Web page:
People with ASD (Autism Spectrum Disorders) are known to be very genuine and honest. If they have the ability to communicate verbally, they typically “say it like it is.” This important diagnostic detail can help the rest of us to be more understanding and respond more effectively when they say things that we perceive as offensive, hurtful, unkind, disrespectful, or disobedient.
But it’s not enough to simply understand why they do what they do. Along with that, we can be working to help them better understand the SOCIAL CONTEXT; the people with whom they are interacting, and the thoughts, feelings, needs, experiences, and expectations that they bring to the interaction. One strategy for being socially effective is to think about others, and respond in a way that works for them. While this may seen disingenuous or insincere, or not “true to one’s self,” often individuals with ASD can understand this concept if we compare it to an actor or actress. In his or her lifetime, an actor may portray numerous vastly different roles, depending on the needs of the directors, the script, and the targeted audience. These roles may not accurately reflect who they are as real-life people, but they act out a role in order to be successful.
This does not mean that we can never be ourselves, or never tell someone exactly how we’re feeling or what we’re thinking. Again, the SOCIAL CONTEXT helps to determine what information we share with others. How do you respond when someone asks you, “How are you doing today?” In many social contexts, we would simply say, “Fine,” even if we’re not doing well at all. This is because we recognize that the person asking the question is simply extending a polite social gesture to acknowledge our presence and establish a quick connection with us. Their expectation is that we’ll respond that we’re fine, and when we repeat the question to them, they’re likely prepared to give the same response. To begin telling them about the awful day we’re having would be very unexpected, and would likely cause them to feel uncomfortable, and even to respond to us in a way that makes us feel socially awkward and unsuccessful.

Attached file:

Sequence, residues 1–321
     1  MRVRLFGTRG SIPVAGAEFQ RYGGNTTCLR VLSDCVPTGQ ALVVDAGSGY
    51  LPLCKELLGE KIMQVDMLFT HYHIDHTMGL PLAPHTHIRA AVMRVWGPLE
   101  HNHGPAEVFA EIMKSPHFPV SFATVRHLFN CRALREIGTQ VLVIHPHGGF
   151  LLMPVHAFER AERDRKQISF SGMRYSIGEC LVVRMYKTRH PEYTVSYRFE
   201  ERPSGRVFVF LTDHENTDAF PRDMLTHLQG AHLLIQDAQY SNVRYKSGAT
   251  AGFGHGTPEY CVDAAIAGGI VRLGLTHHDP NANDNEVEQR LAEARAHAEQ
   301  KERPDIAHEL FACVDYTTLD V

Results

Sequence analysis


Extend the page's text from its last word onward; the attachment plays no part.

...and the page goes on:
How does the SOCIAL CONTEXT affect our responses? Consider again the question, “How are you doing today?” While in most situations we’d respond simply that we’re fine, would you respond differently if it was your therapist, spouse, or best friend asking the question? Most likely, those are people with whom you’d feel comfortable sharing your genuine thoughts and feelings. This is because of your close relationship with them, but perhaps more importantly, you know that they expect you to share your true inner self rather than to fake it.
So we’re often faced with a great dilemma. Does this mean we can rarely “be ourselves” if we want to be socially effective? Do we simply need to go about our lives meeting the expectations of others instead of expressing our genuine thoughts and feelings? Do we need to care more about what others think, or should we celebrate who we are even if others don’t appreciate that?
Keep reading next week for my thoughts on that important question. Over the next week, you can be thinking about this dilemma, and how you might explain it to people with ASD. What do they need to know in order to be socially effective? Feel free to share your thoughts on our blog at www.socialincites.com or on our Facebook page!